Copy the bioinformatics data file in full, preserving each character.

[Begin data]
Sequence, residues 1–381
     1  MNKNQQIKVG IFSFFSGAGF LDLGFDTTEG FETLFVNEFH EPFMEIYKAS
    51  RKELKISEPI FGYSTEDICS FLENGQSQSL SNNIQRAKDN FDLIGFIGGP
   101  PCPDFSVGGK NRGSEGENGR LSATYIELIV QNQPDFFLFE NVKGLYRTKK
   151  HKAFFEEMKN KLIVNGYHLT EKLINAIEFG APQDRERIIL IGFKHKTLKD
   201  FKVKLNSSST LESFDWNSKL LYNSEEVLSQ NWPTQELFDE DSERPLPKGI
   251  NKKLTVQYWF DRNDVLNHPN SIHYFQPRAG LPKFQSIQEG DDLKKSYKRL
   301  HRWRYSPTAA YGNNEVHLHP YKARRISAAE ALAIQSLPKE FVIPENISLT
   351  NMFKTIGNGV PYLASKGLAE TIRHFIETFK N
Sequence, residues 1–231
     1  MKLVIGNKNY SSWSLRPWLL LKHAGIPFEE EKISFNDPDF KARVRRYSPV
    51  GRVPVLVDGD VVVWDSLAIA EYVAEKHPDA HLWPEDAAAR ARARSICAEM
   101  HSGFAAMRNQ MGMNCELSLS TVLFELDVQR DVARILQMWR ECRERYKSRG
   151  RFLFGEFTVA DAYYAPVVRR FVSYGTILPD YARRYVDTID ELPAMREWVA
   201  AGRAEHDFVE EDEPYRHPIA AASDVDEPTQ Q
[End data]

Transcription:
Sequence, residues 1–381
     1  MNKNQQIKVG IFSFFSGAGF LDLGFDTTEG FETLFVNEFH EPFMEIYKAS
    51  RKELKISEPI FGYSTEDICS FLENGQSQSL SNNIQRAKDN FDLIGFIGGP
   101  PCPDFSVGGK NRGSEGENGR LSATYIELIV QNQPDFFLFE NVKGLYRTKK
   151  HKAFFEEMKN KLIVNGYHLT EKLINAIEFG APQDRERIIL IGFKHKTLKD
   201  FKVKLNSSST LESFDWNSKL LYNSEEVLSQ NWPTQELFDE DSERPLPKGI
   251  NKKLTVQYWF DRNDVLNHPN SIHYFQPRAG LPKFQSIQEG DDLKKSYKRL
   301  HRWRYSPTAA YGNNEVHLHP YKARRISAAE ALAIQSLPKE FVIPENISLT
   351  NMFKTIGNGV PYLASKGLAE TIRHFIETFK N
Sequence, residues 1–231
     1  MKLVIGNKNY SSWSLRPWLL LKHAGIPFEE EKISFNDPDF KARVRRYSPV
    51  GRVPVLVDGD VVVWDSLAIA EYVAEKHPDA HLWPEDAAAR ARARSICAEM
   101  HSGFAAMRNQ MGMNCELSLS TVLFELDVQR DVARILQMWR ECRERYKSRG
   151  RFLFGEFTVA DAYYAPVVRR FVSYGTILPD YARRYVDTID ELPAMREWVA
   201  AGRAEHDFVE EDEPYRHPIA AASDVDEPTQ Q